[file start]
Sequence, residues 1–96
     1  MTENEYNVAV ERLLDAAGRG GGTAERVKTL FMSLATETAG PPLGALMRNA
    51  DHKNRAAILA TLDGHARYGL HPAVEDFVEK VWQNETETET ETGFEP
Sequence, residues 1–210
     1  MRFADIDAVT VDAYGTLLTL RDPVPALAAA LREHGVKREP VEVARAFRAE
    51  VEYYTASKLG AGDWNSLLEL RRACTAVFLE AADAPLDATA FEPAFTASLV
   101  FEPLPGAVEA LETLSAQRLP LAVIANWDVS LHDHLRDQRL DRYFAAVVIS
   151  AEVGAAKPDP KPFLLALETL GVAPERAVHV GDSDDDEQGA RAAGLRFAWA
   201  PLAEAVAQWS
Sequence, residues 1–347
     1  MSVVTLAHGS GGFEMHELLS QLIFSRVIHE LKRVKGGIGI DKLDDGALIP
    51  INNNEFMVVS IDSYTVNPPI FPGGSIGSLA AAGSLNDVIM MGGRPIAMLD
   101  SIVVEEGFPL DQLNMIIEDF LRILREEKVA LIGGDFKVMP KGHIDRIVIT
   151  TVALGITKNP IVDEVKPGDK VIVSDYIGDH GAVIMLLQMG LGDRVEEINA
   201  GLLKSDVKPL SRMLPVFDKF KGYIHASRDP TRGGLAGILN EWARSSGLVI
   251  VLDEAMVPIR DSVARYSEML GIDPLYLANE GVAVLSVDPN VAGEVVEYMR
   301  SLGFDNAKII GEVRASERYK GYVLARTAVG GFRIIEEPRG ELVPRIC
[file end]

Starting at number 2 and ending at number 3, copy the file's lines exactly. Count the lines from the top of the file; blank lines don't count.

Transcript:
     1  MTENEYNVAV ERLLDAAGRG GGTAERVKTL FMSLATETAG PPLGALMRNA
    51  DHKNRAAILA TLDGHARYGL HPAVEDFVEK VWQNETETET ETGFEP